Flood water breaches city’s reservoirs
Despite the magnitude and the widespread flooding that occurred in Thornton last week, the city didn’t experience the amount of damage experienced in other cities.
“We do have some repairs to make but Thornton was fortunate,” said Brett Henry, Thornton’s street operations manager.
The biggest concern for the city is the breach of one of its 12 dams along the South Platte River, said Emily Hunt, the city’s water resources manager.
“We had flood water overtop five of (the berms) — with one of the five, we had a complete failure of the berm so there’s no separation between the reservoir and the river right now,” she said.
The city isolated the reservoirs, and because the city has multiple water resources the drinking water has not been compromised, Hunt said.
Repairing the breached berm will take six to 12 months and is the top priority for the city. It could take between 18 to 24 months to repair the erosion on the other berms.
The flooding in other parts of the city occurred from overflowing streams, backed up sewers and gutters and detention ponds at full capacity and overflowing
“Too much rain in such a short period of time left nowhere for the water to go,” Henry said.
Beginning as early as 1 a.m. Thursday, Sept. 12, through mid-day the next day, the city had approximately a dozen roads completely closed and another dozen with lane closures. Some of those full closures included York Street between E470 and 156th Avenue, 144th Avenue from Washington to York streets, McKay Road from 104th to 96th avenues and southbound Colorado Boulevard from 104th to 102nd avenues.
The city had to re-close most of the full closures again on Sunday because of the afternoon rainstorms.
The city did lose the pedestrian bridge over Grange Hall Creek, and experienced erosion in multiple areas — including losing a portion of the shoulder on 128th Avenue west of Riverdale Road, which exposed a gas line, sewer manhole and a communications conduit — but no roads were lost, he said.
“All our dirt roads in the northeast section need to be re-graded because of potholes,” Henry said. “They’re passable, but not pleasant.”
He said after city workers tackle the larger issues of erosion, they will next evaluate the city-maintained detention ponds, drainageways and problem area storm sewers to determine what additional repair is necessary.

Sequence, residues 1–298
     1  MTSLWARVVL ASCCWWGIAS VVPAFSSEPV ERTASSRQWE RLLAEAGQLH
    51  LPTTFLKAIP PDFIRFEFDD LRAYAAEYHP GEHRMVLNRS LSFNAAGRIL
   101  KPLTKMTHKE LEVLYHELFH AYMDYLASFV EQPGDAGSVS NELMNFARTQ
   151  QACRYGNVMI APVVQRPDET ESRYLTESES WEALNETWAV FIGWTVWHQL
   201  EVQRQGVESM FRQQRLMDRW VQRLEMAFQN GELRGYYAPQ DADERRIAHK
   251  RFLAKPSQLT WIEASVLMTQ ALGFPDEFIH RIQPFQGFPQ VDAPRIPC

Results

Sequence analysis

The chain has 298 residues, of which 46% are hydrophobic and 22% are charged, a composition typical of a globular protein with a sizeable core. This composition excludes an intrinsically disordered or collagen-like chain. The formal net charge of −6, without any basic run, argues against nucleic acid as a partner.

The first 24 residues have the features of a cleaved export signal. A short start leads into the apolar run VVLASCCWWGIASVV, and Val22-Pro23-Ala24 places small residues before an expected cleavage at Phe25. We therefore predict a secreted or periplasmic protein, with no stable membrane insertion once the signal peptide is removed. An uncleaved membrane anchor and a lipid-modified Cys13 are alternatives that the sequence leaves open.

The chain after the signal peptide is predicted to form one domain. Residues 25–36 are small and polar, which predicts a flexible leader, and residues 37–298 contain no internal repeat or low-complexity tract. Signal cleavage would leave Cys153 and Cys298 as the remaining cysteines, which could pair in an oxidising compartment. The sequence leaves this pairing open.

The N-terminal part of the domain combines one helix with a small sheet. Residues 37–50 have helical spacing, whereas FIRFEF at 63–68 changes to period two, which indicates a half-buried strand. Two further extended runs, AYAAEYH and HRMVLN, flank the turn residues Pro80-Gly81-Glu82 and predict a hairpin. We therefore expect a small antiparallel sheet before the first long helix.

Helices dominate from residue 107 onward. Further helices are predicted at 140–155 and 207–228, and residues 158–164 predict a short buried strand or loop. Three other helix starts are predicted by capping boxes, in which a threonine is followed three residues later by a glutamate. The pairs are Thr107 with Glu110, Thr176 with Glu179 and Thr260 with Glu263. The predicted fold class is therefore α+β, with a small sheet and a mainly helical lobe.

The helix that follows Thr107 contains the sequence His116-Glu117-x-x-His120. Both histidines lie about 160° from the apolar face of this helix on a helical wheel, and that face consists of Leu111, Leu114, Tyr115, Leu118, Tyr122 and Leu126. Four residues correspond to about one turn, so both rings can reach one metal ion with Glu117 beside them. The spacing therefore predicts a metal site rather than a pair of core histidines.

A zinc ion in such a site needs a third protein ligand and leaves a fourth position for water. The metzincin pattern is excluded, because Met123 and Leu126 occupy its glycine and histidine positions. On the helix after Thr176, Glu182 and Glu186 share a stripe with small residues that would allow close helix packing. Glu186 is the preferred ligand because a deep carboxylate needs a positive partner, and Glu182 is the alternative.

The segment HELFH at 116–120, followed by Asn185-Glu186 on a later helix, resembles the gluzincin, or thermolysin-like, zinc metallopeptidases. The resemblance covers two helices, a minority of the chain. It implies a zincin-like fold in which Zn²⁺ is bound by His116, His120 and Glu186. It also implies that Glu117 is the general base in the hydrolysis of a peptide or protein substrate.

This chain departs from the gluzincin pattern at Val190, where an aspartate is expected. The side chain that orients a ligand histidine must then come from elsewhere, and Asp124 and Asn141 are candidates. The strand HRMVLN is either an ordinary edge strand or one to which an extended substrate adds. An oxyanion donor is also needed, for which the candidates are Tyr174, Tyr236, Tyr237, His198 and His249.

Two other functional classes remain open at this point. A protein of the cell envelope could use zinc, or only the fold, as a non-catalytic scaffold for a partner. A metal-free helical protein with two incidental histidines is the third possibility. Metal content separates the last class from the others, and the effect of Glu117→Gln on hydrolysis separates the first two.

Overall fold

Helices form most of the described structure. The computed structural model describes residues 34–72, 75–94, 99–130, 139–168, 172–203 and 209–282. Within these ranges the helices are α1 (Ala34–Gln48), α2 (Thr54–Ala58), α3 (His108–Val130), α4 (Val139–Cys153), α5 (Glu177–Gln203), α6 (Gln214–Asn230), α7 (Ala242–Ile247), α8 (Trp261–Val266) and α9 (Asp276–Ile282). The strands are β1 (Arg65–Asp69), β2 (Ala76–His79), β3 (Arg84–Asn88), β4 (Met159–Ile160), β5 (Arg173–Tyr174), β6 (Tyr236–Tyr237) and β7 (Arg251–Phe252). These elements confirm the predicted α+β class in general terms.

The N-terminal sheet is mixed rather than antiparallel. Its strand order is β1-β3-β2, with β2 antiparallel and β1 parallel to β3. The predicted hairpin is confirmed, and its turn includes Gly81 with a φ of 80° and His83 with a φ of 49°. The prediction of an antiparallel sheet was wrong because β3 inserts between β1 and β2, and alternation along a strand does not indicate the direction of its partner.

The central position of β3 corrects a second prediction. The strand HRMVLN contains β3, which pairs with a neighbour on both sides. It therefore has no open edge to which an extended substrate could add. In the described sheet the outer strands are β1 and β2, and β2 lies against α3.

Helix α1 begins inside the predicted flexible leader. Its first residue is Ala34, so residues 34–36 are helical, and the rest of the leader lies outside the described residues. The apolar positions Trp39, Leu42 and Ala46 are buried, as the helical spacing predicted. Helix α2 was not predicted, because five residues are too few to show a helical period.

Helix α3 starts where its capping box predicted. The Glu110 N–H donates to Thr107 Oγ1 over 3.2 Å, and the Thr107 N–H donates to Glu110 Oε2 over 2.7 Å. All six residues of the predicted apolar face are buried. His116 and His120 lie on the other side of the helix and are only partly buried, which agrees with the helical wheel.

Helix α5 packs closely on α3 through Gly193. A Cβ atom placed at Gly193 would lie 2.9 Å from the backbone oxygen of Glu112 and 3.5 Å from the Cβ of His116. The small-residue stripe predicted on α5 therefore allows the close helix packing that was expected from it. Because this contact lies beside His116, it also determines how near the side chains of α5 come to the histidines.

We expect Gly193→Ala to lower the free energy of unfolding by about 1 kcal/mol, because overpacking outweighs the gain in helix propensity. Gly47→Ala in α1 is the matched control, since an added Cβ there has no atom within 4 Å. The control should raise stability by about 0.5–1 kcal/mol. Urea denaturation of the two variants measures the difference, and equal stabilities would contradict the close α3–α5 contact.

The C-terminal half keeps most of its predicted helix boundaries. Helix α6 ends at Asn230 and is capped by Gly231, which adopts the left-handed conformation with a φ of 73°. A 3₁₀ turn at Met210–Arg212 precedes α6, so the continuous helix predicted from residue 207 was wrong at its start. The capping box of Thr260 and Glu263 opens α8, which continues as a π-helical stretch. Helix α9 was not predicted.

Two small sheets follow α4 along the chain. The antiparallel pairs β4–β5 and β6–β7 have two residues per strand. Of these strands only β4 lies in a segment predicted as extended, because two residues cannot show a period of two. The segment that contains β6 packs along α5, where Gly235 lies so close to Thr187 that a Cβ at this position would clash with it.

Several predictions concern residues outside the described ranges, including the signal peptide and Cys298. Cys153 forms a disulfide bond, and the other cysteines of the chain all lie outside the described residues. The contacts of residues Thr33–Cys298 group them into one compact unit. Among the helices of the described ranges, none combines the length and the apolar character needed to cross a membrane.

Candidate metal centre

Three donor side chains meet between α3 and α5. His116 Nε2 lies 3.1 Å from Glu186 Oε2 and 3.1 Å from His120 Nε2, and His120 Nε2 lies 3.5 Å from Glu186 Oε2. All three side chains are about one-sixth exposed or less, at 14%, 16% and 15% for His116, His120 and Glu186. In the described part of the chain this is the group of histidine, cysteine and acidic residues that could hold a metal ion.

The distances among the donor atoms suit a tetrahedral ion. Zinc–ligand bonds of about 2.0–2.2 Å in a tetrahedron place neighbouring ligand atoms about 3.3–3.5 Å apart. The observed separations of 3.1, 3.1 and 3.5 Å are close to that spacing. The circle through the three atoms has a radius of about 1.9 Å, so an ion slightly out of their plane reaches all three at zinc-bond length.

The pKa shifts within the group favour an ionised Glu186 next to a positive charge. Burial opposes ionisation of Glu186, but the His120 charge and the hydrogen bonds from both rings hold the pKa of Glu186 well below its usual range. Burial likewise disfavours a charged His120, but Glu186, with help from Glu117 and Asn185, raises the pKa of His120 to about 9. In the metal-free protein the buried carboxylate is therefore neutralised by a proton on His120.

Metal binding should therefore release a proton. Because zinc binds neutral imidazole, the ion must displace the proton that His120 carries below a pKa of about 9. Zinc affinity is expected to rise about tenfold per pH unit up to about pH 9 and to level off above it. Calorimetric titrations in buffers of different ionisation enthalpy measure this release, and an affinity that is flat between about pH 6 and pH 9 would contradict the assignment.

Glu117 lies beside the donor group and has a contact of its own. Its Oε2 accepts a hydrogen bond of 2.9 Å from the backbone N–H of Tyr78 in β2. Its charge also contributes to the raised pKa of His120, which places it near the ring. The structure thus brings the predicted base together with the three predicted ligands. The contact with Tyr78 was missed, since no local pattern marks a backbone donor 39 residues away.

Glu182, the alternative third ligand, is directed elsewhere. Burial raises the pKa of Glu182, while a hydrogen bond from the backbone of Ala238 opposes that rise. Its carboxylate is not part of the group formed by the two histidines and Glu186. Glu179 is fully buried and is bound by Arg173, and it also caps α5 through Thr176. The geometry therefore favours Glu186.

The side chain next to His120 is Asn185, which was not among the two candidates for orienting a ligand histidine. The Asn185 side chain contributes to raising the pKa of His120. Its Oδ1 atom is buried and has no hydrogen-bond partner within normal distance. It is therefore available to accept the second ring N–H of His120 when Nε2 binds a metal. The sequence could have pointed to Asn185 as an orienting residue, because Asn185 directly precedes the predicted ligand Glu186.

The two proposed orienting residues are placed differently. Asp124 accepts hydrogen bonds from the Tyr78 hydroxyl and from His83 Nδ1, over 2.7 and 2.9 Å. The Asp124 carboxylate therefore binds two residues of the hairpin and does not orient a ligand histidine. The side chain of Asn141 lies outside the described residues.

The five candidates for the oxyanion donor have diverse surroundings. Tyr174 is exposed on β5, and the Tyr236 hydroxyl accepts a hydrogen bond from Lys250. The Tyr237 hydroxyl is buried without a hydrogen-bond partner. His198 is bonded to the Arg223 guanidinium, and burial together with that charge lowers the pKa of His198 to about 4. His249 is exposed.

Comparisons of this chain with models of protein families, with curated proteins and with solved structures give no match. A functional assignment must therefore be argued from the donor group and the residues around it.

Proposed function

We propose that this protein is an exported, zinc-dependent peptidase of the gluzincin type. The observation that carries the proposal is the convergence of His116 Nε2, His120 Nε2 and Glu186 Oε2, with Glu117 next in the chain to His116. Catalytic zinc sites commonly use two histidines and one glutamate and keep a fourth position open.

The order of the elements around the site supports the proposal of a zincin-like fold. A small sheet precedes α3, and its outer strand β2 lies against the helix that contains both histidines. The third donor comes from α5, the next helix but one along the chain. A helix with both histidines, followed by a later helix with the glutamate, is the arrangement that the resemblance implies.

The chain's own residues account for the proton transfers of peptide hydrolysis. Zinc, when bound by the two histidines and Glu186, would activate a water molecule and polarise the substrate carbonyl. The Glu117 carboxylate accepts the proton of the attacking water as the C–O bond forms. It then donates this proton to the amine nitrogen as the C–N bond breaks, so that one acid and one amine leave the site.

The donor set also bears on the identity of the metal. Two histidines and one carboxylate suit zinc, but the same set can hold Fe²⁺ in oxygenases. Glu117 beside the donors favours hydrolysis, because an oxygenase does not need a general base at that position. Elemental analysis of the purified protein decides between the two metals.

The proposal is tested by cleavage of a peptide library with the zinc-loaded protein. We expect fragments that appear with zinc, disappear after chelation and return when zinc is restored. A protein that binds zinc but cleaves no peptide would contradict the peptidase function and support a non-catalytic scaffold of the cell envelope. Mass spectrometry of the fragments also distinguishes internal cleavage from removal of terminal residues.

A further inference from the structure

“In many cases this will just involve removing debris such as sediment, sticks, mulch, etc. from the detention ponds and storm sewer system to make sure it can operate at full capacity during the next storm event,” Henry said.
Rich Neumann, communications manager with Adams County, said he is unaware of any unaccounted for people in the county and doesn’t know how much structural damage has been done.
“At this point we do not know all of the specifics, but we assume most personal property damage will result from flooded basements. Some agriculture damage is also possible (i.e. crop damage),” he said. “To this point we’ve been focused on keeping citizens safe.”
Several roads in Adams County were closed on Sept. 12-15 at one point or another because of the flooding, including 128th Avenue at Riverdale, 124th Avenue between Riverdale and Old Brighton Road, Highway 76 at 88th in the eastbound lane, Riverdale between Colorado and 104th and Riverdale between McKay and 112th Avenue.
“Most roads that were unpassable remained closed for anywhere between 24 and 72 hours,” Neumann said. “The flooding was the result of saturated soils that could no longer absorb water, which led to massive demands on infrastructure and streams.”
However, despite the road closures, he said not much damage was reported for roadways or bridges.
The Adams County Animal Shelter Adoption Center and the Adams County Regional Park took in displaced animals from evacuees in the Irondale area of Commerce City.
“If we can ease the mind of evacuees even a little bit by providing a temporary, caring home for their animals, then we are doing our job of showing our concern for and commitment to our community,” said Adams County Board of Commissioners Chair Eva J. Henry in a statement.